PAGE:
Displaying articles for: December 2009

D. H. Lawrence’s “New Year’s Eve”

December 31: D. H. Lawrence described his poetry collection Look! We Have Come Through! as a connected “story, or history, or confession of a man during the crisis of manhood, when he marries and comes into himself.” In poems such as “New Year’s Eve,” Lawrence tells that story with such erotic intensity that W. H. Auden said he felt more like a Peeping Tom than a reader. Read more...

Kipling’s Permanent Contradictions

December 30: Rudyard Kipling was born in Bombay on this day in 1856. Although one of England's most popular writers at the turn of the century, by the time of his death in 1936 Kipling was not merely forgotten but cartooned as one incapable of moving beyond patriotic themes, or poems that rhymed; modern re-evaluations have found a more complex man and writer. Read more...

Dedalus in Flight

December 29: James Joyce's A Portrait of the Artist of a Young Man was published on this day in 1916. The autobiographical novel ends with one of literature’s most famous proclamations of independence and aspiration: “Welcome, O life, I go to encounter for the millionth time the reality of experience and to forge in the smithy of my soul the uncreated conscience of my race.” Read more...

Mencken’s Dirty Joke

December 28: On this day in 1917, H. L. Mencken's “A Neglected Anniversary,” a hoax article honoring the American invention of the bathtub, was published. Mencken's lifelong campaign to deride and derail Main Street America — the “booboisie” — had a number of easy victories, but this joke succeeded beyond his wildest dreams, and in Swiftian proportions. Read more...

War & Peace

December 25: On this day in 1914 the "Christmas Truce" of WWI, tentatively and spontaneously begun the previous evening at many places along the Front, held. This meant a day of anything from conversation to gift giving to soccer games to dining out. Read more...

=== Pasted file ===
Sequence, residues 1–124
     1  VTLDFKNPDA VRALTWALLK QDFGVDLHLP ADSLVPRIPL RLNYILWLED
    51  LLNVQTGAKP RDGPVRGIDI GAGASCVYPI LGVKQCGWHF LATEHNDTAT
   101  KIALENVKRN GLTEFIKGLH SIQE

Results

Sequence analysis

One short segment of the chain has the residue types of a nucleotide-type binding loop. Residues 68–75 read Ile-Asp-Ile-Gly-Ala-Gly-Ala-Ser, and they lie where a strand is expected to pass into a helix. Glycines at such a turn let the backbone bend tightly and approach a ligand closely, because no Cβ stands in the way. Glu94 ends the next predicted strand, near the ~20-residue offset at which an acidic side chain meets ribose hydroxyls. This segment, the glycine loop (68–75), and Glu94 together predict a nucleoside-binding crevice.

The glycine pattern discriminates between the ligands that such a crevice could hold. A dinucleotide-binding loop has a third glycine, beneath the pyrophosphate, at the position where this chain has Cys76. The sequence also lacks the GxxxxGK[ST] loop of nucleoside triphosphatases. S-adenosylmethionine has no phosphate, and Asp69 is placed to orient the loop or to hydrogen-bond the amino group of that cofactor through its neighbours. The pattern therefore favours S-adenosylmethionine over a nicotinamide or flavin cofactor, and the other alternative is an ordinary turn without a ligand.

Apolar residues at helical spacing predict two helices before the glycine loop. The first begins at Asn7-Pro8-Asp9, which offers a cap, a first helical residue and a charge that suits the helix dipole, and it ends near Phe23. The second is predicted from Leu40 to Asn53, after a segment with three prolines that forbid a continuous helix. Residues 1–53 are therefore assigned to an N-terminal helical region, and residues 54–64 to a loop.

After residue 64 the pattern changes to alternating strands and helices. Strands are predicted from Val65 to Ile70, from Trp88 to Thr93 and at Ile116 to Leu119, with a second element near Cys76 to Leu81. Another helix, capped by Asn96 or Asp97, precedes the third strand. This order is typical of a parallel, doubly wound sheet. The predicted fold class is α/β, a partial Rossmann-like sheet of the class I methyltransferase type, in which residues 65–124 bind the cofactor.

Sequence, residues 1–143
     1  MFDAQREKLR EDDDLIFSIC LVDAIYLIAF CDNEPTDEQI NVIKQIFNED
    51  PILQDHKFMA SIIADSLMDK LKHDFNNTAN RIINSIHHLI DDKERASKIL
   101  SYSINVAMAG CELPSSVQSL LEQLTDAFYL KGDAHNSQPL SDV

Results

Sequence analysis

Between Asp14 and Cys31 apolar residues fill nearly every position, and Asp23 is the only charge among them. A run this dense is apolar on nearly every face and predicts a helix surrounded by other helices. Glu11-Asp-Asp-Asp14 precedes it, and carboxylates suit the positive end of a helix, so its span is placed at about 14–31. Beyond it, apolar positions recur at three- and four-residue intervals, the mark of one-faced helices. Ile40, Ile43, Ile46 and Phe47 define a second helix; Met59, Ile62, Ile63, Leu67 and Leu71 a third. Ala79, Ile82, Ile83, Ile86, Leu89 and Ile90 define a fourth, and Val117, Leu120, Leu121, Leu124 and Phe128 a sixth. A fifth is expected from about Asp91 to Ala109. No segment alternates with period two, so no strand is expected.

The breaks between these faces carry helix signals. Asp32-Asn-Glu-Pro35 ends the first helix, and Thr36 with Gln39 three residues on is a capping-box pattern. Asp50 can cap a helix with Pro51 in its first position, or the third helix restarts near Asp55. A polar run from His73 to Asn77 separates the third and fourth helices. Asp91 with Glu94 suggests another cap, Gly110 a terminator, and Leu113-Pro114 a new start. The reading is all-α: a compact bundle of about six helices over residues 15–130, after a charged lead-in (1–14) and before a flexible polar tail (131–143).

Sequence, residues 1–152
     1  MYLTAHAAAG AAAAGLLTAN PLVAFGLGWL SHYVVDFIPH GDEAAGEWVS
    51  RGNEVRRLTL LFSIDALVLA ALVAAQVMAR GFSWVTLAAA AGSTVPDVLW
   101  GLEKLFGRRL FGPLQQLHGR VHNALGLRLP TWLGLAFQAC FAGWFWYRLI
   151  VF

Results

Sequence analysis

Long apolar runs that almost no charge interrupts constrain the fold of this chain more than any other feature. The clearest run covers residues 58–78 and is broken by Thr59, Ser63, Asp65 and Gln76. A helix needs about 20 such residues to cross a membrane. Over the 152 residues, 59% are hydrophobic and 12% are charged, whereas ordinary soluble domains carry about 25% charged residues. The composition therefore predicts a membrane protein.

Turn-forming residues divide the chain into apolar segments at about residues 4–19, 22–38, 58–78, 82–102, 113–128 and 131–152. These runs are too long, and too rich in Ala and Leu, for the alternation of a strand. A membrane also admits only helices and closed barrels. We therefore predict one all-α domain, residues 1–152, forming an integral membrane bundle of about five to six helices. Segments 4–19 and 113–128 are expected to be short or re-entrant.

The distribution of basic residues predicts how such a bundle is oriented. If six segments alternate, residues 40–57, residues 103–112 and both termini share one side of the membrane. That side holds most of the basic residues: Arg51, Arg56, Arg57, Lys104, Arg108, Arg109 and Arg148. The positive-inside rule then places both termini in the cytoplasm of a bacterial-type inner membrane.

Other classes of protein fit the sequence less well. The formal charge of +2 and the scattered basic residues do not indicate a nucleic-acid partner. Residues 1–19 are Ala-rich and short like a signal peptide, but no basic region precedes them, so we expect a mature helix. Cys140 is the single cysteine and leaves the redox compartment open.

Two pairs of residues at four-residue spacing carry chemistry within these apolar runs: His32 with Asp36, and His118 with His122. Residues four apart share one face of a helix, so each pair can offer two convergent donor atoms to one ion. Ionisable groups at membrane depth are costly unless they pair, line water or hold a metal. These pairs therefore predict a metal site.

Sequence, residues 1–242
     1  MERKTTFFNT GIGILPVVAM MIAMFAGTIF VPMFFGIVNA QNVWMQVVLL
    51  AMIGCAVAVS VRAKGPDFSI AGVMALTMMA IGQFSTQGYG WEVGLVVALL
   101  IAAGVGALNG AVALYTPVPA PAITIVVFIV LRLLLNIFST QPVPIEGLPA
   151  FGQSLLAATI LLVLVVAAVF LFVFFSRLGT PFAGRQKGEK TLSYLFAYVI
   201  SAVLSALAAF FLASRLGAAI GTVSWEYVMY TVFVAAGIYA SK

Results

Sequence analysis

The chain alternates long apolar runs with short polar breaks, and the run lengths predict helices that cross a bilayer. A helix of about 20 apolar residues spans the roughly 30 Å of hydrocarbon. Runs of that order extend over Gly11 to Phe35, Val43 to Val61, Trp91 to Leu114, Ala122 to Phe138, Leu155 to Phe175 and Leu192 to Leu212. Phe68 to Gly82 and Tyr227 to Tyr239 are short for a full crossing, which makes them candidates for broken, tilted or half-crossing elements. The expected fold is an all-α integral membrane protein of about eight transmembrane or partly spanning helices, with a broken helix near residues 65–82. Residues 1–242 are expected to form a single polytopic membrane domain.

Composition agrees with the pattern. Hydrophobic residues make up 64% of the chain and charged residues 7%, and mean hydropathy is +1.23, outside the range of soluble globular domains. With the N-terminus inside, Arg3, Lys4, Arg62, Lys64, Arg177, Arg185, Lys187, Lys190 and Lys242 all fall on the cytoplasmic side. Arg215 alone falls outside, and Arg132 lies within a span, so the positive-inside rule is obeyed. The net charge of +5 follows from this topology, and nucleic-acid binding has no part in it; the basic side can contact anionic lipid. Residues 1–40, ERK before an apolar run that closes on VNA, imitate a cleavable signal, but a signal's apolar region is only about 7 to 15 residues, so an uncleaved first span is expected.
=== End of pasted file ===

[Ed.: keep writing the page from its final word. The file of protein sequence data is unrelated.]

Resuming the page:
Wilde West

December 24: On this day in 1881 Oscar Wilde embarked for America and a year-long lecture tour on such topics as "The House Beautiful" and "The Decorative Arts." He may or may not have told a customs agent that "I have nothing to declare except my genius," but the captain did apparently express his regret at not having Wilde "lashed to the bowsprit on the windward side." This would have deprived the thousands throughout America who flocked to see, hear and target him. Read more...

Santa Anapests

December 23: On this day in 1823, the Christmas classic "A Visit from St. Nicholas" (commonly known as " 'Twas the Night Before Christmas") was published anonymously. Twenty years and much popularity later, Clement C. Moore claimed and was granted authorship, but the descendants of Henry Livingston Jr. have been contesting the claim for a century now — and recently, one “forensic” literary critic has offered some "smoking pen" evidence against Moore. Read more...

Beckett’s Endgames

December 22: Samuel Beckett died on this day in 1989. The disciples, hangers-on and “Sammists” sought Beckett out in even greater numbers during his last years, hopeful of a marketable comment on the obscure plays. The famously reluctant author was rarely forthcoming, but the biographies and memoirs abound with demonstrations that, however demanding and guarded about his writing, Beckett was an approachable and convivial man. Read more...

Ibsen’s Door Slam

December 21: On this day in 1879 Henrik Ibsen's A Doll's House opened in Copenhagen, this the first of the half-dozen masterpieces performed to great controversy throughout the next decade. The Doll’s House premiere came as the published play was breaking sales records in Scandinavia, no doubt spurred on by those critics who described Nora's exit from her house and gender-roles at the end of Act V as a “door slam heard ’round the world.” Read more...

Dickens’s Sledge Hammer

December 19: Charles Dickens’s A Christmas Carol was published on this day in 1843. After reading a report on the realities of child labor in the factories of Victorian England, Dickens had resolved to write “An Appeal to the People of England, on behalf of the Poor Man's Child.” This plan evolved to a Christmas story which might act as “a Sledge hammer” blow for the poor — upon the skulls of the “sleek, slobbering, bow-paunched, over-fed, apoplectic, snorting cattle” among the privileged. Read more...